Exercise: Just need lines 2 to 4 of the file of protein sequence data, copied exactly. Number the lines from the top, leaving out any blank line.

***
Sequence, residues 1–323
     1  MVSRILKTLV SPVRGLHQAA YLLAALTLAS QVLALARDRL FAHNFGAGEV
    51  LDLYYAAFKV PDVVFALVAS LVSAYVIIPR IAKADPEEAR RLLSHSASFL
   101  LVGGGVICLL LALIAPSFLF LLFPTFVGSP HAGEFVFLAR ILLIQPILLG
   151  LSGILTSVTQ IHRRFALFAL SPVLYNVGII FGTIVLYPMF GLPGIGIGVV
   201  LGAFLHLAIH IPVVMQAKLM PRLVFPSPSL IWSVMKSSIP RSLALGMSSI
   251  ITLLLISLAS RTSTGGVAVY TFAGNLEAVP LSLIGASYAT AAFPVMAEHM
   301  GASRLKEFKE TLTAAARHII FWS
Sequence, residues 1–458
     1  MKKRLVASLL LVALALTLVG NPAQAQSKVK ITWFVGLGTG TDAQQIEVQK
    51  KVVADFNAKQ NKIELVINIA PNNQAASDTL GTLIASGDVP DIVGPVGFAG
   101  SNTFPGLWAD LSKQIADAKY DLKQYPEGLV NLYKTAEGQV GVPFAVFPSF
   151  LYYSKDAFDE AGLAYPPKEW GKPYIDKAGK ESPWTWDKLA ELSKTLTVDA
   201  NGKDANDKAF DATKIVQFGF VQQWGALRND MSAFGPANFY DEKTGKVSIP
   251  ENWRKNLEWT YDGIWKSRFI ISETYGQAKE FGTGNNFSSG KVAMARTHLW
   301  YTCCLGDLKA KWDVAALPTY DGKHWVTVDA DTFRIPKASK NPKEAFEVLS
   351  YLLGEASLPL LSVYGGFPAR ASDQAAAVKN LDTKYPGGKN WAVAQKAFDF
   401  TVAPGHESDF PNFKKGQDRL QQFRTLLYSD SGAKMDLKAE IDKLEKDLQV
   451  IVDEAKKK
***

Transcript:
     1  MVSRILKTLV SPVRGLHQAA YLLAALTLAS QVLALARDRL FAHNFGAGEV
    51  LDLYYAAFKV PDVVFALVAS LVSAYVIIPR IAKADPEEAR RLLSHSASFL
   101  LVGGGVICLL LALIAPSFLF LLFPTFVGSP HAGEFVFLAR ILLIQPILLG